November 17, 2011 11:02 pm

SFO eyes probe into F1 bribery allegations

The UK’s Serious Fraud Office is examining whether to conduct its own investigation into the bribery allegations surrounding Bernie Ecclestone, the Formula One chief, who has admitted paying almost $23m to a German banker standing trial in Munich on corruption charges.

Dominic Grieve, the attorney-general, confirmed the SFO’s involvement in a letter to his Labour counterpart, Emily Thornberry, saying the SFO was liaising with authorities in Germany to consider the allegations surrounding Mr Ecclestone, a British citizen, “and whether there is scope for an investigation”.

Ms Thornberry had written to the attorney-general saying the criminal trial “raises questions relating to bribery, corruption and tax evasion that need to be investigated further by British authorities”.

The attorney-general told her his office was also liaising with the Crown Prosecution Service, although he said the CPS had not had allegations referred to it by the police.

The SFO told the FT: “The SFO is aware of the allegations against Mr Ecclestone and is liaising with the authorities in Germany to ascertain if there is a case in the UK to answer.” The attorney-general’s office said it would not comment on investigations or operations.

Mr Ecclestone said: “I haven’t got anything to say.” Asked if he had been contacted by the SFO, he said: “I am sure if they wanted to [contact me], they would ask me.”

Gerhard Gribkowsky is charged with receiving corrupt payments, breaches of trust and tax evasion.

Mr Gribkowsky was chief risk officer of BayernLB when it sold its F1 stake for $839m to CVC Capital Partners, the private equity group, in 2005.

The prosecution claims Mr Gribkowsky received almost $44m from Mr Ecclestone and Bambino, a trust linked to Mr Ecclestone’s ex-wife and part-owner of F1. Prosecutors also say Mr Gribkowsky helped arrange $66.5m of commission and other payments from BayernLB to Mr Ecclestone and Bambino. Mr Ecclestone has not been charged with any wrongdoing.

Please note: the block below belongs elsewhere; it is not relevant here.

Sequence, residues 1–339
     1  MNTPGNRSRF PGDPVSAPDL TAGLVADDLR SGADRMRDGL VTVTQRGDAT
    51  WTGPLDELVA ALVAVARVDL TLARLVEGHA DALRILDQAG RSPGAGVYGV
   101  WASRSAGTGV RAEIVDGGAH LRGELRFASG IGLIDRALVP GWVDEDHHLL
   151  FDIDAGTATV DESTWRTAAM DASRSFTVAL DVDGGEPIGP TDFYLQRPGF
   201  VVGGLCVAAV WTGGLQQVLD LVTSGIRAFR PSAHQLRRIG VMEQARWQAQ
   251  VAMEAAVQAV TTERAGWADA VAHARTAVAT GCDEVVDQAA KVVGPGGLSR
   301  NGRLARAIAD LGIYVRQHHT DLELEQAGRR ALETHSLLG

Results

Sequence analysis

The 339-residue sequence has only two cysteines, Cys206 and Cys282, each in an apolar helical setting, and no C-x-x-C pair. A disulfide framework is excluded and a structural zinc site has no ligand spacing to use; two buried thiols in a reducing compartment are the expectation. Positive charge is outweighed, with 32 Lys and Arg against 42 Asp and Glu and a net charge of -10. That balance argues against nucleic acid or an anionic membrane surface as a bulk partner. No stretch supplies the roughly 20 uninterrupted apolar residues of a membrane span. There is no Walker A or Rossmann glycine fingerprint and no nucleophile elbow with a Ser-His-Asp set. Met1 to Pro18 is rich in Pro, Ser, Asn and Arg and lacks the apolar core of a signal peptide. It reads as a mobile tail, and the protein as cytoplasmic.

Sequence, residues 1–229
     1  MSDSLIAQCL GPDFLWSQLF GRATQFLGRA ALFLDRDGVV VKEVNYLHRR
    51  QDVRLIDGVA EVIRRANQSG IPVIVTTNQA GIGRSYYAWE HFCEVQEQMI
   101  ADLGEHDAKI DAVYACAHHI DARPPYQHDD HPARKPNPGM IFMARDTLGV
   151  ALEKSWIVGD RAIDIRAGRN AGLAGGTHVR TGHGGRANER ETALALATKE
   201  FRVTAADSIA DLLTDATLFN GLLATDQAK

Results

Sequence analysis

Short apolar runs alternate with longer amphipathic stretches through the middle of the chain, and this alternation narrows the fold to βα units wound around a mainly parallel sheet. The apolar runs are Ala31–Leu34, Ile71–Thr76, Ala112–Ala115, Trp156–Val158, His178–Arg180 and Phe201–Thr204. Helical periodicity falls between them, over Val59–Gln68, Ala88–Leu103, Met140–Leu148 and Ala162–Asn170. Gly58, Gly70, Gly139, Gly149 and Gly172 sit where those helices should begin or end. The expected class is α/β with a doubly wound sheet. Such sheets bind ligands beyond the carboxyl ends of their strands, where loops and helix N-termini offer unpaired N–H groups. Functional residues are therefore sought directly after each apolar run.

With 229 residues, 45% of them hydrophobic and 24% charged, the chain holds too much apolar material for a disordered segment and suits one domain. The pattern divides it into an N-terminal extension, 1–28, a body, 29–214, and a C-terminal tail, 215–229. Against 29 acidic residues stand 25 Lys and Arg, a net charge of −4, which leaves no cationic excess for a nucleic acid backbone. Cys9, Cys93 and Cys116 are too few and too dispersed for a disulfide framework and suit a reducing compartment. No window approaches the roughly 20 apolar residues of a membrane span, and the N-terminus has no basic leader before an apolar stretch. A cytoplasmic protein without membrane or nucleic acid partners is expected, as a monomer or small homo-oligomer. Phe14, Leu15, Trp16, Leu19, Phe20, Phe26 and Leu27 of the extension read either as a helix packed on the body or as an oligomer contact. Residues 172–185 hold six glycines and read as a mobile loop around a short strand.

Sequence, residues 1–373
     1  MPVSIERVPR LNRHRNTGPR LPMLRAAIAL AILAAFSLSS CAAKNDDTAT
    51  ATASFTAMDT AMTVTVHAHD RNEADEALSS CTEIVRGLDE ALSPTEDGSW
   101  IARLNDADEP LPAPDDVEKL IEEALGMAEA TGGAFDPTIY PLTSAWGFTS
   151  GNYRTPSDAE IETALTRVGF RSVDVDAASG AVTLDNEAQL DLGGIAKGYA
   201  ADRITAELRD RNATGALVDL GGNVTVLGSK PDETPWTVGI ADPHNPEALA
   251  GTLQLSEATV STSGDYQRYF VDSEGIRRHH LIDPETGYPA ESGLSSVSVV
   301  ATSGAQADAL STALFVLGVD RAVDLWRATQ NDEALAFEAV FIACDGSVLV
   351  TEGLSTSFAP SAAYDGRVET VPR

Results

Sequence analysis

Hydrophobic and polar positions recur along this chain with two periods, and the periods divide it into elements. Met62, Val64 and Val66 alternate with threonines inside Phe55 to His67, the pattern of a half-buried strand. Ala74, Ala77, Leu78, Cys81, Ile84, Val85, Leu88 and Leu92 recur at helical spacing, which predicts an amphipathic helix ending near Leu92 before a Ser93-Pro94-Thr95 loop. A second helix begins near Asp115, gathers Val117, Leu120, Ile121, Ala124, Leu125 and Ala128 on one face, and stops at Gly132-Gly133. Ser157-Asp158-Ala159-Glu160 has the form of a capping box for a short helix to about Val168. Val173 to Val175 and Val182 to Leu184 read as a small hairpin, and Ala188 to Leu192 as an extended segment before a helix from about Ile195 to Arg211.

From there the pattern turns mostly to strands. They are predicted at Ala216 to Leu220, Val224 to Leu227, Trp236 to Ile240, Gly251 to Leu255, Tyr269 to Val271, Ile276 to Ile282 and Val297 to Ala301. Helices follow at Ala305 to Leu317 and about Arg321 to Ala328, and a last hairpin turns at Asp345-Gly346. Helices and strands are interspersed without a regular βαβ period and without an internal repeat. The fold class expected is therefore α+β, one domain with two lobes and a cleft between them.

Mr Ecclestone last week told the court the payment was made because he was worried Mr Gribkowsky would bring false allegations to the UK tax authorities that might suggest that Mr Ecclestone was in control of Bambino, prompting a long and costly investigation.

Ms Thornberry said the SFO’s involvement was significant. There was a substantial amount of money involved, and the allegations were very serious and should be properly investigated, she said.

Judges presiding over Mr Gribkowsky’s trial were this week planning to question Stephen Mullens, a British lawyer who was an adviser to Bambino and a director of some of the companies controlled by F1. But Mr Mullens, who has not been charged with any offence, declined to appear. The court was told he had exercised his right not to answer questions that might cause him to incriminate himself.

Ms Thornberry said she intends to write to the Treasury to establish whether Mr Ecclestone’s tax affairs should be examined by HM Revenue & Customs.

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